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Old 12-06-2021, 11:00 AM   #4121 (permalink)
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Speaking of people who don’t deserve it: I’m so sorry that you and Hanna had to endure that abuse. It’s a credit to you as a father that you put her first and went to great lengths to protect her. Hey, there’s a reason why she’s turned out so well.

In a way, it’s a blessing that our children have had little contact with their father (although I would’ve preferred they had a healthy relationship and tried to foster that – but it’s just not possible). I’ve had sole custody of them, and he’s not capable of looking beyond his own needs so as to be inclined to interfere in their lives.

Thanks for your kind words, Plank – and for sharing your experience, which I know is not easy since that can sometimes trigger bad memories.
No worries ribbons. That's all in the past, and Hanna and me have moved well beyond it all. Hanna still see's her mother (who recently OD'ed again I might add) from time to time, so she at least has a relationship with her. I've always told her that even though it may not appear to be the case on may occasions, that her mother still loves her very much. One thing I've learned from personal experience is to foster understanding and acceptance of a child's parents no matter what. I was denied that and was taught to hate my Dad, who I later found again and developed a beautiful relationship with later in life before his passing. Only in certain extreme cases should a child be kept from their natural birth parents. Those are the most important, organic, and personal connections a child/person can have.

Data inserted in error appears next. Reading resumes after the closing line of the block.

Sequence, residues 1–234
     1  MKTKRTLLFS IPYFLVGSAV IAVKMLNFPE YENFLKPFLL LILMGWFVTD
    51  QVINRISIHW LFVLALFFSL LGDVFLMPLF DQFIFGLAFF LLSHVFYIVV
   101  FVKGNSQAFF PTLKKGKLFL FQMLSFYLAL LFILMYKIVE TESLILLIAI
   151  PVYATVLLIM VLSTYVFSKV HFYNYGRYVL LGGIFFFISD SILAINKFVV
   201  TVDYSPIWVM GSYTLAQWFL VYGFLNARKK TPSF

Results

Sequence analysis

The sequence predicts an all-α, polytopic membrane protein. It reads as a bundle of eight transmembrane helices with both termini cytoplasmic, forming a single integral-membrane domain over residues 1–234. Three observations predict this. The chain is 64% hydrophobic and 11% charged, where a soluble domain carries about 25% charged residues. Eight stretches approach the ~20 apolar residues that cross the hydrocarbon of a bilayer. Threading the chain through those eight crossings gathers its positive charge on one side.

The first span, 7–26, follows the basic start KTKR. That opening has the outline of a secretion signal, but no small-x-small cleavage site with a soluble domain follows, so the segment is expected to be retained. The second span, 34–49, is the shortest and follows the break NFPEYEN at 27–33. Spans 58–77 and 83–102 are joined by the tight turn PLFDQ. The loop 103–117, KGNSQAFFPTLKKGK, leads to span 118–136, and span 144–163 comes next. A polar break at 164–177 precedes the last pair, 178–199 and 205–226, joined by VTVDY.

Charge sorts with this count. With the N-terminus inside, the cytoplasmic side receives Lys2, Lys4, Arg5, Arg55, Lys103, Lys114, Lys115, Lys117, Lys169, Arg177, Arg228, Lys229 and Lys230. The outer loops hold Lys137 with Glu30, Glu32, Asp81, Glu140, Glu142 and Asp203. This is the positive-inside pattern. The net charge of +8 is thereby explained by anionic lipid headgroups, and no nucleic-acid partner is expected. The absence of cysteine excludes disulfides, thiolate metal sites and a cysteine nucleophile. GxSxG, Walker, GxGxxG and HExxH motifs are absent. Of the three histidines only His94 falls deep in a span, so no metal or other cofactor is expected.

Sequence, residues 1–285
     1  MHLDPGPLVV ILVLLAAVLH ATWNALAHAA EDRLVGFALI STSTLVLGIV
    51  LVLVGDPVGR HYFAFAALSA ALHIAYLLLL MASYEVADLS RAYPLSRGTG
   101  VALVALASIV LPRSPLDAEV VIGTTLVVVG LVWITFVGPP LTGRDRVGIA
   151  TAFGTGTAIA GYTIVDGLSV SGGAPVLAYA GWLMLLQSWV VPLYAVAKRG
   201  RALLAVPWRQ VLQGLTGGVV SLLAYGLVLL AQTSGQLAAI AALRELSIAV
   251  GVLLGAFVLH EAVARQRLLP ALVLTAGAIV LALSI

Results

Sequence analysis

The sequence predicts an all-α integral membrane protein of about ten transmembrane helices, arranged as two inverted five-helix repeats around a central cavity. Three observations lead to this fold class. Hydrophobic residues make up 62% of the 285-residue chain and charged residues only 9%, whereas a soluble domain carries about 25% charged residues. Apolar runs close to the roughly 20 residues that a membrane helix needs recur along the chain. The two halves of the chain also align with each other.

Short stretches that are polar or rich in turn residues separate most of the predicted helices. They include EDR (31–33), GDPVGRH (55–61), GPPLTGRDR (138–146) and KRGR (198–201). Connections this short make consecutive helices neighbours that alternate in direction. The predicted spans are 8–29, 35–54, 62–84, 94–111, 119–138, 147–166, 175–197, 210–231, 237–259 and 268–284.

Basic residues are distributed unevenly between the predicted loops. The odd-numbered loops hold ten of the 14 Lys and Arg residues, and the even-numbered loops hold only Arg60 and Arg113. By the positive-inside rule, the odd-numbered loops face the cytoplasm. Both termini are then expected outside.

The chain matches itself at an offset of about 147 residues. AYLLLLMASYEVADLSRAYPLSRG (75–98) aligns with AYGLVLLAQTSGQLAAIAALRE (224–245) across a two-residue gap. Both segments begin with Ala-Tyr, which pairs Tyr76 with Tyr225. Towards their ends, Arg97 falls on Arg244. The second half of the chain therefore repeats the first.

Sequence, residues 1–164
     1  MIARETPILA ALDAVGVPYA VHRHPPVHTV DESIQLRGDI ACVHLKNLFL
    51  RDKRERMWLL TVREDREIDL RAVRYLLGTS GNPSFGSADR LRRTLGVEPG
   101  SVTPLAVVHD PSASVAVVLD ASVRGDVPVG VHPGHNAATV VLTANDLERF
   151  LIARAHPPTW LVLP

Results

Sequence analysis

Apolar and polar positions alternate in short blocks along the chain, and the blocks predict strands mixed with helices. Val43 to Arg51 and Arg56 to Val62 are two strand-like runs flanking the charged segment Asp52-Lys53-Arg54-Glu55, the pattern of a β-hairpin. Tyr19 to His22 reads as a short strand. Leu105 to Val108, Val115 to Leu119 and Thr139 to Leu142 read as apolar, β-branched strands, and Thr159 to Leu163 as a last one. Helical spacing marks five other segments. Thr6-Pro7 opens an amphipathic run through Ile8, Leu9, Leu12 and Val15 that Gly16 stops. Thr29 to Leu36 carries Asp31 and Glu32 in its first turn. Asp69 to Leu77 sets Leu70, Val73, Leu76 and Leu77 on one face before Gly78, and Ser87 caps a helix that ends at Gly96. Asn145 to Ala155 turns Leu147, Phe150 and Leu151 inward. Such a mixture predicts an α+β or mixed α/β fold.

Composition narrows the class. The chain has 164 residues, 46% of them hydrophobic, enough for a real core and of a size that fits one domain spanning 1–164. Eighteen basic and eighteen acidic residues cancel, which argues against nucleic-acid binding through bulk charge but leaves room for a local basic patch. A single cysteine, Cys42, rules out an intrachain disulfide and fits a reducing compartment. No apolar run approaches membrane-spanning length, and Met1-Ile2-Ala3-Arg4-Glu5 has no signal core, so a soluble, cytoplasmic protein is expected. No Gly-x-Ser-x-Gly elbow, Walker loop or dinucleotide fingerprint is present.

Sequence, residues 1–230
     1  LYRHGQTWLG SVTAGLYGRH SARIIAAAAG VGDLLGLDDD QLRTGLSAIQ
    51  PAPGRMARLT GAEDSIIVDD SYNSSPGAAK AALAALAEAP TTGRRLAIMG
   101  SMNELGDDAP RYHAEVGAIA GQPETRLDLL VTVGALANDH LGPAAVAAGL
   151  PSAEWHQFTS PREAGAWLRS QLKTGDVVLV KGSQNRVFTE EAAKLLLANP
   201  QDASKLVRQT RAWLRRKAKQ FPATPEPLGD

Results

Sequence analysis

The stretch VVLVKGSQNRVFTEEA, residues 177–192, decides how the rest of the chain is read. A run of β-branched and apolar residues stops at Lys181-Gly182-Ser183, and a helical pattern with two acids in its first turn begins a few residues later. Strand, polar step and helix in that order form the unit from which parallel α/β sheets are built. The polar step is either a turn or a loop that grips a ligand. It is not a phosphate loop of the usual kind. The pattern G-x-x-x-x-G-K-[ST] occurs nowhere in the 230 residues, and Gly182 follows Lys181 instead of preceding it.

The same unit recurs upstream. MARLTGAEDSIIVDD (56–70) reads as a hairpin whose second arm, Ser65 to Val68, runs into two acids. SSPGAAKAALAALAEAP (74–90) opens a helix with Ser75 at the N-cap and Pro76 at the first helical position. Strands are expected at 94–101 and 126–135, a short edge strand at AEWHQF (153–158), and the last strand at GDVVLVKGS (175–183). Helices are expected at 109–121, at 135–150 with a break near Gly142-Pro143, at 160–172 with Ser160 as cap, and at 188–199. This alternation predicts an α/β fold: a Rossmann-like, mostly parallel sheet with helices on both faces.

You seem to have a healthy grasp of that concept too, which isn't surprising. You're one of the good ones.
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Old 12-06-2021, 01:57 PM   #4122 (permalink)
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No worries ribbons. That's all in the past, and Hanna and me have moved well beyond it all. Hanna still see's her mother (who recently OD'ed again I might add) from time to time, so she at least has a relationship with her. I've always told her that even though it may not appear to be the case on may occasions, that her mother still loves her very much. One thing I've learned from personal experience is to foster understanding and acceptance of a child's parents no matter what. I was denied that and was taught to hate my Dad, who I later found again and developed a beautiful relationship with later in life before his passing. Only in certain extreme cases should a child be kept from their natural birth parents. Those are the most important, organic, and personal connections a child/person can have.

You seem to have a healthy grasp of that concept too, which isn't surprising. You're one of the good ones.
Glad that Hanna has developed a relationship with her mother, but sorry to hear about her mother’s recent OD. I gather substance abuse has been part and parcel of Hanna’s mom’s issues throughout the years. I hope for your family’s sake that she will one day find lasting treatment and recovery, because she may be a very different person indeed without substance use.